Last month, we shared some of the results from our online reader survey of Plant Engineering Online (www.plantengineering. com).
We'd like to say a big "thank you" to everyone who participated in the second annual reader survey of Plant Engineering Online (www.plantengineering.com) conducted this past November and December.
If you're reading this column, it's likely that nothing catastrophic occurred to you or your plant at 12:01 a.m. on January 1 of this new year.
It would be all too fitting to follow the course of so many other publications' year-end issue and provide you with predictions about the Year 2000, whether it be the impact of the Y2K glitch to the internet or how the World Wide Web will evolve in the coming year. However, commenting on the former would just be overkill, and providing insight on the latter would be like trying to predict the weather in Chicago. So to close out the year, we'll instead focus on the facts -- recent additions and upgrades to Plant Engineering Online (www.plantengineering.com) that you may not be aware of and ones you can expect to see in the new millennium. Fact 1: PE channels evolve Within your favorite PE channel(s), you can now access topic-related articles and new product and literature information with a single click of your mouse. Perform targeted keyword searches within each PE channel for content related only to the topics covered in that channel or, if you're the browsing type, click through to the archives page for links to any articles published by Plant Engineering magazine or exclusively online in the last 5 yr. What can you expect to find in the Plant Engineering channels in the coming months? We'll be giving you a better look at what's available at our IndustryStore.com web site with featured titles in each channel.
It's time again for another installment of Web Update in which we highlight sites that should be a must in your list of bookmarks or favorites.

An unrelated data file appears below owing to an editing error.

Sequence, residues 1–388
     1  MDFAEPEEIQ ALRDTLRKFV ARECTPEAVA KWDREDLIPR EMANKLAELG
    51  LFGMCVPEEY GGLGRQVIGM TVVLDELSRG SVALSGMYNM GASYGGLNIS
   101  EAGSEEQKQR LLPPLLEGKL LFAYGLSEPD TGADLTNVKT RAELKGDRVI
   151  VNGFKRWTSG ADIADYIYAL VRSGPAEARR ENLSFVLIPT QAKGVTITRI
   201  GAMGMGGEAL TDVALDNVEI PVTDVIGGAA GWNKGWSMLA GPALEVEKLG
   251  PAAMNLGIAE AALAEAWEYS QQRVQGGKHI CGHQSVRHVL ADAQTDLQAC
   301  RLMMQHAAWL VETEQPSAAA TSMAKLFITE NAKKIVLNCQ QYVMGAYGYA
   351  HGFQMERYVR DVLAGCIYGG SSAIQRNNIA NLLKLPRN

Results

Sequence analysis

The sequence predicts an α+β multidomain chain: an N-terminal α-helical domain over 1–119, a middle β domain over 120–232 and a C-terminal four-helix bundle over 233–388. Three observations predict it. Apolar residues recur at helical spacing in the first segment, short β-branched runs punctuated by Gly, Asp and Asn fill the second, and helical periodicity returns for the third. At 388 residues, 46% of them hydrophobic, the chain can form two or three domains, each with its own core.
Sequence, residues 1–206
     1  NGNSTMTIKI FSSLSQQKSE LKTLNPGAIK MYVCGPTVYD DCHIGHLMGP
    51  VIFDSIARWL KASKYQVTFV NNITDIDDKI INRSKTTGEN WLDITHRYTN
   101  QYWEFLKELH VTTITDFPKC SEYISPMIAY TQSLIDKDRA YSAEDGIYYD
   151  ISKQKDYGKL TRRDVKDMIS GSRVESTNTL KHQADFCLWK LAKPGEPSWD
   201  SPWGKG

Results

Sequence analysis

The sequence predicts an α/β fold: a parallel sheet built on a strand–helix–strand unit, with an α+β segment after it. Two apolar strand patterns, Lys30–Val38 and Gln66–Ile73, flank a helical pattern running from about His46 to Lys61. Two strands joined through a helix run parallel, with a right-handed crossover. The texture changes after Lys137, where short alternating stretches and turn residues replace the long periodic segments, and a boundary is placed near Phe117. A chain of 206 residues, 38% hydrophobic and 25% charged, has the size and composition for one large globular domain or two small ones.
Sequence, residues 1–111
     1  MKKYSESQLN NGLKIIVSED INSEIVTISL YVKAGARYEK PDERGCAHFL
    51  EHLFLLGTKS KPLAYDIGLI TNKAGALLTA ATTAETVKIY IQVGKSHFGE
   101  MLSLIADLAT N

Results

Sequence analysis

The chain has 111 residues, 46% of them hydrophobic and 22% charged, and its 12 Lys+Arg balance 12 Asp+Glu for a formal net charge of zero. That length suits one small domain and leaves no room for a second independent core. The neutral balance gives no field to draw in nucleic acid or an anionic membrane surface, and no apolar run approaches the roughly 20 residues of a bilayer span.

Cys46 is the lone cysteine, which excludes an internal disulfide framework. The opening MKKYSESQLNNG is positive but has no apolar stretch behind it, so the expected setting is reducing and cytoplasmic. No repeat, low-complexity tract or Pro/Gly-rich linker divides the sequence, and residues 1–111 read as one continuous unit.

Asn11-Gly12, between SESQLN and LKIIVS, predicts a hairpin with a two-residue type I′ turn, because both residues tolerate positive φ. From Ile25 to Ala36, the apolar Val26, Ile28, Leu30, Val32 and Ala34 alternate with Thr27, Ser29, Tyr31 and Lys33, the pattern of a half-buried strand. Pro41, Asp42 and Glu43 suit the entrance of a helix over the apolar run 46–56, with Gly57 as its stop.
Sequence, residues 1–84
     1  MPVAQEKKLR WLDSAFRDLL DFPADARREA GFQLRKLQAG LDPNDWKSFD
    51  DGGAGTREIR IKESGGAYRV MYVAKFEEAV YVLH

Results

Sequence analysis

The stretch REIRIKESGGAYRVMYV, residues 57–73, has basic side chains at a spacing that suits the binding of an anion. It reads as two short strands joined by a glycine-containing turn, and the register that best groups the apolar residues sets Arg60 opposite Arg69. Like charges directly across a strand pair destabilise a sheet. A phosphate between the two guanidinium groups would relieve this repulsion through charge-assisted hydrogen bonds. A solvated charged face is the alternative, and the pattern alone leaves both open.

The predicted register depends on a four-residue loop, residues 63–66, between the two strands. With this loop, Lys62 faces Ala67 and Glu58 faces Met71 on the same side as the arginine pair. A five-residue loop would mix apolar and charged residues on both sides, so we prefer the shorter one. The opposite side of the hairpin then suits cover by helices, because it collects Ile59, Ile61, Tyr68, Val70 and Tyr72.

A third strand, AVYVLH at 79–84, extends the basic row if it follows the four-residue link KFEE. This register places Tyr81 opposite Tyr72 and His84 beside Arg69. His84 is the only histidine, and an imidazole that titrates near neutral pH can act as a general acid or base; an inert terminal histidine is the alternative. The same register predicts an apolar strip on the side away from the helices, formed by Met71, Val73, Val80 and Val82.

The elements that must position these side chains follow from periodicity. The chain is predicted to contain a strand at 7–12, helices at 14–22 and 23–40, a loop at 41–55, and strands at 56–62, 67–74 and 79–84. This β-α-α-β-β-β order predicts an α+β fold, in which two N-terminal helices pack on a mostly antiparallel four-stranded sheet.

This month, we take some time to highlight the newest addition to the family of channels presented in Plant Engineering Online (www.plantengineering.com), as well as some news and notes about upcoming online developments.
If you're like me and many others surfing the internet, you reluctantly rely on search engines to help you find information.
Last month's Web Update ("Your resource for a better you") called attention to resources available on or through Plant Engineering Online (www.plantengineering.
Over the last few years, the message from Plant Engineering magazine readers concerning skills development, training, and education has come through loud and clear: Year after year, this topic has always been at or near the top of the plant engineers' priority list. In a recent Plant Engineering magazine study, The Role of the Plant Engineer 2000 , over 80% of the respondents claimed that training, education, and skills development were a leading job function of the plant engineer. Furthermore, 75% of those surveyed said their involvement in this area would increase by the year 2000. (Complete results of this study can be accessed at www.plantengineering.
Back in September when we conducted a reader survey for our web site, www. plantengineering.com, one of the more anticipated results was the breakdown of preferred media for reading Plant Engineering magazine (print, web site, or both).